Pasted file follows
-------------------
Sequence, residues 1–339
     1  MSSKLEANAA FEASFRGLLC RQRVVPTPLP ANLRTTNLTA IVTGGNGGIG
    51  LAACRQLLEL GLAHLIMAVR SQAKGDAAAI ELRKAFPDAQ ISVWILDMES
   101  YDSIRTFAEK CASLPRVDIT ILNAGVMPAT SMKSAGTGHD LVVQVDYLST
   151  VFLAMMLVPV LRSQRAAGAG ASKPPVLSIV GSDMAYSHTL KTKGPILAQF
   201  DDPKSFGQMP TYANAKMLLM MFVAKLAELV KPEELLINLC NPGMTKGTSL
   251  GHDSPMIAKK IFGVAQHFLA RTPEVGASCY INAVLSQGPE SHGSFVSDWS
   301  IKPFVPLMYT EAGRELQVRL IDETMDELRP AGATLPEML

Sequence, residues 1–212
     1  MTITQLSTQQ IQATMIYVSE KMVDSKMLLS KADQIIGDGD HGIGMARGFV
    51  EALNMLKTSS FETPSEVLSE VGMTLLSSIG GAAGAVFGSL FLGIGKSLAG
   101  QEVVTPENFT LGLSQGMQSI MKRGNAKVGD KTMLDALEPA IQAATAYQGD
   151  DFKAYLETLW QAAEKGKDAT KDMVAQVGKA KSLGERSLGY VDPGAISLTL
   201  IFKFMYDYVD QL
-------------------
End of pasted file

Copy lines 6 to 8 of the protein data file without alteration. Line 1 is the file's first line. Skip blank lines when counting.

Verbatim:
   201  DDPKSFGQMP TYANAKMLLM MFVAKLAELV KPEELLINLC NPGMTKGTSL
   251  GHDSPMIAKK IFGVAQHFLA RTPEVGASCY INAVLSQGPE SHGSFVSDWS
   301  IKPFVPLMYT EAGRELQVRL IDETMDELRP AGATLPEML